I am now at my parents home in Masuria and as always in the summer when I come here, I take a camera take thousands (literally) photos of flowers, which I later use for painting. I try to set the camera at different angles, so that I could later choose the picture that suits me best. I often take dozens of photos of one plant, because I focus on all of the most important parts of the plant, so that there is no situation later that I want to paint something and it is blurred and can not be seen.
I found an interesting specimen yesterday – sweet pea. I saw it often, but it was almost always pink and the one I found yesterday had a lot of different colors. I thought that it would be a good subject for color testing and exercise on finding the colors as close as possible to the original.
Fortunately, I took the painting supplies with me. I took Fabriano Artistico paper which I cut into smaller sheets. Unfortunately, when I cut the paper I forgot to mark the “right” side on each sheet. I used to read somewhere that the right side to paint is the one with a watermark.
I chose a flower with deep purple-red petals. I took an extra sheet, put it next to my palette and I checked the color mixes on it. I applied the first layer of Permanent Rose PV19, Perylene Violet PV29 and Mauve PV23 (Schmincke Horadam).
The subsequent layers were darker and looked better. I discovered that Alizarin Crimson PR83 + Perylene Violet PV29 and Alizarin Crimson PR83 + MAVE PV23 + a bit of Perylene Violet PV29 make beautiful, deep, dark purples.
This flower has a matte surface, as if there was a bluish down, especially on the two petals at the front which form a triangular shape. I used white gouache with a touch of Payne’s Gray Bluish PBk6, PB15: 6 to achieve the matte surface effect.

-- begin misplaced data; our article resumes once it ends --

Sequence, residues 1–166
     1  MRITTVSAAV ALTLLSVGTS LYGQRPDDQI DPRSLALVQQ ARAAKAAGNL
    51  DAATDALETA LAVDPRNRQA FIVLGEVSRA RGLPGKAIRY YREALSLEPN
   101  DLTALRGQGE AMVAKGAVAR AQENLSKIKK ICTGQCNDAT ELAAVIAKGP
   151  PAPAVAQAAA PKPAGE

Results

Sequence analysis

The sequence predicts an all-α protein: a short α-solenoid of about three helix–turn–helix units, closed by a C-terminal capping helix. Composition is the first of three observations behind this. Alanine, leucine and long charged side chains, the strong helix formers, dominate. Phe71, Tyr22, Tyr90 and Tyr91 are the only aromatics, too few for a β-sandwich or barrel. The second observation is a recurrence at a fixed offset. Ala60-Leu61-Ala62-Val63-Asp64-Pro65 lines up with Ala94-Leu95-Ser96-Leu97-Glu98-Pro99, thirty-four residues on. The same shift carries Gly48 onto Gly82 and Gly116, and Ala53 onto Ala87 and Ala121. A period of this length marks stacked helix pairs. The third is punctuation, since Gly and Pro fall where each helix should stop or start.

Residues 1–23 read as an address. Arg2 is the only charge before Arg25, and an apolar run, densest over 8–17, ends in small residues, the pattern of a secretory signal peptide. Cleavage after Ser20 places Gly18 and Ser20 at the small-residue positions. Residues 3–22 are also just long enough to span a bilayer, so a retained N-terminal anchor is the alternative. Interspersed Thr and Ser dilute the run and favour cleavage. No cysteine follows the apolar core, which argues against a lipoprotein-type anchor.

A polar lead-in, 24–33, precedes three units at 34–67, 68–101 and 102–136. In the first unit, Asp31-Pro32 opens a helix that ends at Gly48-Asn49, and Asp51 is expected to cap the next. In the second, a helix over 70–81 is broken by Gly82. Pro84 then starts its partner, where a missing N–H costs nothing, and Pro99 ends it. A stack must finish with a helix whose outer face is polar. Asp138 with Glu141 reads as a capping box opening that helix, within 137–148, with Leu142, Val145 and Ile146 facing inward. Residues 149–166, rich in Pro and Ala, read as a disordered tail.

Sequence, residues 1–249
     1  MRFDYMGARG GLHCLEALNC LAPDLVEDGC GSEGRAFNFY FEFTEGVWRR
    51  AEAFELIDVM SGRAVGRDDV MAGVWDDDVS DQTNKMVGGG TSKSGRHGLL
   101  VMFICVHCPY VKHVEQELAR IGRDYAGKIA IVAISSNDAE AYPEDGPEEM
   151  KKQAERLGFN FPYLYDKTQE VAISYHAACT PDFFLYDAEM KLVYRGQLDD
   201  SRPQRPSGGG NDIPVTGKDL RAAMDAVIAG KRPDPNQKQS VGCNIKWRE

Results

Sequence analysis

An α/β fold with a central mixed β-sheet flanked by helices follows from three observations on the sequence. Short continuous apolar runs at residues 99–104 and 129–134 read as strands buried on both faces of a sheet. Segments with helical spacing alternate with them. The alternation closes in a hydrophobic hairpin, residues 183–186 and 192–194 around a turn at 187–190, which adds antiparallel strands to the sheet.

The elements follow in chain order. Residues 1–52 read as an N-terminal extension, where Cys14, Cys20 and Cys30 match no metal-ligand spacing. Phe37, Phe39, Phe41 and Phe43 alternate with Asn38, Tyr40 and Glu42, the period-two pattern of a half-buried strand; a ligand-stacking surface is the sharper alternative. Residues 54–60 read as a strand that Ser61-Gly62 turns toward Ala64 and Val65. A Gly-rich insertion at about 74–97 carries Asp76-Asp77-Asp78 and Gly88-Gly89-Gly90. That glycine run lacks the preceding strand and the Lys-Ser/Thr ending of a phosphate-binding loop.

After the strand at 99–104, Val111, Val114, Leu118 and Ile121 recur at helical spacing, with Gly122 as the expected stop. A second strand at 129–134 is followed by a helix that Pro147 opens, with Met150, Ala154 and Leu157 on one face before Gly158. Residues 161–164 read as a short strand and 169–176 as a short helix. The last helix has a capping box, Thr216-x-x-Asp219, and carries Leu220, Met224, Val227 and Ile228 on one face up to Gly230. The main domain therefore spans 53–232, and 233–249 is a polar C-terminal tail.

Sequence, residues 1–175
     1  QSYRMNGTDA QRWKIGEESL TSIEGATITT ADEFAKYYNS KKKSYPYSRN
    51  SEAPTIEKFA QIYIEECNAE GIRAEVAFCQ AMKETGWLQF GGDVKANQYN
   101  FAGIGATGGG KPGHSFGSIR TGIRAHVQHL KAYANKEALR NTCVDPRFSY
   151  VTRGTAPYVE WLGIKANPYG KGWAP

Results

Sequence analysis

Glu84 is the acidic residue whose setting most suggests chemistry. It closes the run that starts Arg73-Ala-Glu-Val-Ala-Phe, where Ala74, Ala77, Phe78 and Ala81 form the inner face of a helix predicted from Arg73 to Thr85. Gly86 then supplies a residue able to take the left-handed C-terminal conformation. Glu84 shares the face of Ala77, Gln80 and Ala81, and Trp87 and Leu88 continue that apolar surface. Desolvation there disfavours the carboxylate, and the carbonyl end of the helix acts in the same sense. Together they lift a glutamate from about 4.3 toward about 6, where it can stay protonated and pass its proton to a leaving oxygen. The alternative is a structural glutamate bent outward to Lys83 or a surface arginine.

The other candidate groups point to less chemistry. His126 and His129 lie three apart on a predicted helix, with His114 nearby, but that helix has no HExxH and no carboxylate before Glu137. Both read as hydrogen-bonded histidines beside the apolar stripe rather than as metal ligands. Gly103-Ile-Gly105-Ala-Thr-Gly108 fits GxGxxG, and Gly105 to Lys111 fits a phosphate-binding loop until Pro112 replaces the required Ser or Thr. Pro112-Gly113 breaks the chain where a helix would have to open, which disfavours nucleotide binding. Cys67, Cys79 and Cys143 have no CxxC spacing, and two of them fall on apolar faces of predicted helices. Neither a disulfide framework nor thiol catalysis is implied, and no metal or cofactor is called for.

Painting from live
The next day I made a sketch of another flower next to the previous one. I applied the first layer. The front petals were more blue-purple and the back was red-brown, but I used Purple Magenta PR122 for the first layer, because I see this color in the petals, although it is not dominant. To paint the back petals I used Perylene Maroon PR179, and for the darker areas a mix of Perylene Maroon PR179 with Mauve PV23.
I’ve done some color tests. I decided that the mix of Winsor Red PR254 and Permanent Rose PV19 was the most similar to the original color. Later, I added a layer of Ruby Red PV19, the color between red and pink. Darker stains are a mix of Winsor Red PR254 and Permanent Rose PV19 with Perylene Violet PV29. I knew that when I added the veins, then it would all look better, so I patiently applied next layers and waited for everything to dry out.
I used the lifting technique on the petals to create highlights. With a damp brush, I rubbed several times in places where I wanted to have highlights and removed the paint with a clean tissue, pressing it to the paper.